The Savior lives, no more to die

Full Text

1 The Saviour lives, no more to die;
He lives, the Lord enthroned on high;
He lives triumphant o'er the grave;
He lives, eternally to save.

2 He lives, to still his servants' fears;
He lives, to wipe away their tears;
He lives, their mansions to prepare;
He lives, to bring them safely there.

3 Ye mourning souls, dry up your tears;
Dismiss your gloomy doubts and fears;
With cheerful hopes your heart revive,
For Christ the Lord is yet alive.

4 His saints he loves, and never leaves;
The contrite sinner he receives:
Abundant grace will he afford,
Till all are present with the Lord.

Source: The Voice of Praise: a collection of hymns for the use of the Methodist Church #199

Author: Samuel Medley

Medley, Samuel, born June 23, 1738, at Cheshunt, Herts, where his father kept a school. He received a good education; but not liking the business to which he was apprenticed, he entered the Royal Navy. Having been severely wounded in a battle with the French fleet off Port Lagos, in 1759, he was obliged to retire from active service. A sermon by Dr. Watts, read to him about this time, led to his conversion. He joined the Baptist Church in Eagle Street, London, then under the care of Dr. Gifford, and shortly afterwards opened a school, which for several years he conducted with great success. Having begun to preach, he received, in 1767, a call to become pastor of the Baptist church at Watford. Thence, in 1772, he removed to Byrom Street, Liv… Go to person page >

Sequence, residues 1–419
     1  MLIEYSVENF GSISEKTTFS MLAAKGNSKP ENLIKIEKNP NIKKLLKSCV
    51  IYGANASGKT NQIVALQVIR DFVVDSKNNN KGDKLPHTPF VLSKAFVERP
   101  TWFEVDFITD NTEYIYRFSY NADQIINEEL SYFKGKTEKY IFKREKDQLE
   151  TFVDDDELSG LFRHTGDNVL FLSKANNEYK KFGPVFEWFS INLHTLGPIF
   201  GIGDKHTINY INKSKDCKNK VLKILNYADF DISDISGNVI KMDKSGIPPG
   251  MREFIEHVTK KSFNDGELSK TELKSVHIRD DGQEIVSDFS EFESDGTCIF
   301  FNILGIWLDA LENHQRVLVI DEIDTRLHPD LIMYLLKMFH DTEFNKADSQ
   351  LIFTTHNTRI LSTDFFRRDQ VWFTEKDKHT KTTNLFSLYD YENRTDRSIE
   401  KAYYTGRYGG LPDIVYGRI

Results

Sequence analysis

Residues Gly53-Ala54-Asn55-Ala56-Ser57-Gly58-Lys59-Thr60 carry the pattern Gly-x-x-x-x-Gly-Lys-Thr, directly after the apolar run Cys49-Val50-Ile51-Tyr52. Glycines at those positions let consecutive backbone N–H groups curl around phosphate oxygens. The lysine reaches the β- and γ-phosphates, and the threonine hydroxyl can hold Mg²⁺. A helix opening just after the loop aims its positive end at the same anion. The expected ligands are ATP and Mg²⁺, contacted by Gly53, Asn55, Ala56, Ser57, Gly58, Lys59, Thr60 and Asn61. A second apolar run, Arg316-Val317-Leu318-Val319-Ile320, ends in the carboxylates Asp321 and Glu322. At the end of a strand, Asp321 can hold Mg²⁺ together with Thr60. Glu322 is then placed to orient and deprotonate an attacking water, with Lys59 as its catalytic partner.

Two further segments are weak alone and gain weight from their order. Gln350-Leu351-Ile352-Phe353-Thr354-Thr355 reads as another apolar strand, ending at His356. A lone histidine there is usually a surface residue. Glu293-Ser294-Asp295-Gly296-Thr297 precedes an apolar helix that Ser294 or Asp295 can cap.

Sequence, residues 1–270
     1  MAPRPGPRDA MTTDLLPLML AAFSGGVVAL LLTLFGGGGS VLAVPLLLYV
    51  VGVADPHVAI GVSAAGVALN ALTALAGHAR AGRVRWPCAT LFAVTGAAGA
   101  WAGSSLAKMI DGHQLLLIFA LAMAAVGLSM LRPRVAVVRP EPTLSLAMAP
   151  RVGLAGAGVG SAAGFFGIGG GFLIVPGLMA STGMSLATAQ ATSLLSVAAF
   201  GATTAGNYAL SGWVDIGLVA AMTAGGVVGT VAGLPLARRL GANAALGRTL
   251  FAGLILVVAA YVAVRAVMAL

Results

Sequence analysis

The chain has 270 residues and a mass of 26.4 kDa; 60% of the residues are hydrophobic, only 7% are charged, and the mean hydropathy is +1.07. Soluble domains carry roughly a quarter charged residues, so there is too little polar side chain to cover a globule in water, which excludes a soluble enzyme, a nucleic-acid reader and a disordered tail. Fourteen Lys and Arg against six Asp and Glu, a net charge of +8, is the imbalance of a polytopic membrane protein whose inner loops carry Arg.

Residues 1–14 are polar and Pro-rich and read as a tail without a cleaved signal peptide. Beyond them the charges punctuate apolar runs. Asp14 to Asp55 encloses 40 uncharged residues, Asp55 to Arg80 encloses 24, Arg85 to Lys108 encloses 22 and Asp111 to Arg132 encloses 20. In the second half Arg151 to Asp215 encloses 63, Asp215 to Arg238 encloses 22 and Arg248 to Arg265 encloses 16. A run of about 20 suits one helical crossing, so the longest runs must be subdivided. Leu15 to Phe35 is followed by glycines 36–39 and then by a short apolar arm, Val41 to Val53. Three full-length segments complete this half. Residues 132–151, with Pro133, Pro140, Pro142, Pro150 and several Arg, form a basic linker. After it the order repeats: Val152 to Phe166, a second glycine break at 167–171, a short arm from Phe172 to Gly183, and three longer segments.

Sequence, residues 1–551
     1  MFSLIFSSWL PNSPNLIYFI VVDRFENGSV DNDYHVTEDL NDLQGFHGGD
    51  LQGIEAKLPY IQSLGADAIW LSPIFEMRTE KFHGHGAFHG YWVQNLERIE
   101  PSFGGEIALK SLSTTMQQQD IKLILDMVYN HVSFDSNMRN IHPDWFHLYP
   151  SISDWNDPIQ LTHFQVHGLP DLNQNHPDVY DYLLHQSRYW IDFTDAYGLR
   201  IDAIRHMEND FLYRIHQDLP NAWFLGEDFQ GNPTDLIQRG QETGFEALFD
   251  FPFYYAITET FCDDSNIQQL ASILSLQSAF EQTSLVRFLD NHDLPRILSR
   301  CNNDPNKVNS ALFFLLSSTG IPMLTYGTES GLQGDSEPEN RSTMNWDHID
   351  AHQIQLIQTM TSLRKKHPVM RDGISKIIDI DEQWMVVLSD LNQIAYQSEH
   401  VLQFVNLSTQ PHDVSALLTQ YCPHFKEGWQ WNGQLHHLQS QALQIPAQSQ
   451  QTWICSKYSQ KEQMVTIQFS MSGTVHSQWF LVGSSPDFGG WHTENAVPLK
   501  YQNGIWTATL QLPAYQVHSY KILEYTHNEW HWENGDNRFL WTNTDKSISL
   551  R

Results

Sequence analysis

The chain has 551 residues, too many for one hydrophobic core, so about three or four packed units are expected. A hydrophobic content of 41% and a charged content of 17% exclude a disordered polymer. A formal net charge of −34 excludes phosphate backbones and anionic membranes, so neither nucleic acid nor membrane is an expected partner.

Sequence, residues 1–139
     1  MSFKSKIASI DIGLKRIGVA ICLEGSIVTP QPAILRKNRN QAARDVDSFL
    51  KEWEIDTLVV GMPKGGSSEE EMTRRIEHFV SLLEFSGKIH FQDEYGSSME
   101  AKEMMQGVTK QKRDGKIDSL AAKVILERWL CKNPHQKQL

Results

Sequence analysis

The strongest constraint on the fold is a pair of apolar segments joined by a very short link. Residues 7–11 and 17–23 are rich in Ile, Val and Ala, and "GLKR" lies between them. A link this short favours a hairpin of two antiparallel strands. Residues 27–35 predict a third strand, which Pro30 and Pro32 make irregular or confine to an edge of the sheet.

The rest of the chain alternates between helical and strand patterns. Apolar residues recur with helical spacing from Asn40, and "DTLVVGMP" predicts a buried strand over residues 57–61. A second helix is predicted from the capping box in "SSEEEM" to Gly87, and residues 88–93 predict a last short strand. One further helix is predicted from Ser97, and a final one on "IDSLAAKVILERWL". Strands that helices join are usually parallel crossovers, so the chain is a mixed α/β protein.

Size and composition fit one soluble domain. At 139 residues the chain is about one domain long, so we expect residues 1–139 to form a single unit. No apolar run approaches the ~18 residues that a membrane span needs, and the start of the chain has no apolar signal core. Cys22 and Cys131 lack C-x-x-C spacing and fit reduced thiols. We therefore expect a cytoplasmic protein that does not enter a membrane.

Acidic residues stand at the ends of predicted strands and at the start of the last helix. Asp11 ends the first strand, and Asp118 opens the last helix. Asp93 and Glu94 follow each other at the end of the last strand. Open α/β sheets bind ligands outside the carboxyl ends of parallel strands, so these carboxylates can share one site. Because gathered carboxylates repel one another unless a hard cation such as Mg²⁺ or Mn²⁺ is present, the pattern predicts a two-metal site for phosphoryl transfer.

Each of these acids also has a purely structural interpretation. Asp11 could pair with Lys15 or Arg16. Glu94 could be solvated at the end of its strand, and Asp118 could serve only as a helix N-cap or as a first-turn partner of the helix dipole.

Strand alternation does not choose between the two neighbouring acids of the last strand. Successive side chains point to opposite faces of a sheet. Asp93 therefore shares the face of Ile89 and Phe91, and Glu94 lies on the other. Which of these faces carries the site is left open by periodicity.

Text Information

First Line: The Savior lives, no more to die
Author: Samuel Medley




TRURO is an anonymous tune, first published in Thomas Williams's Psalmodia Evangelica, (second vol., 1789) as a setting for Isaac Watts' "Now to the Lord a noble song." Virtually nothing is known about this eighteenth-century British editor of the two-volume Psalmodia Evangelica, a collection of thr…

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RETREAT (Hastings)



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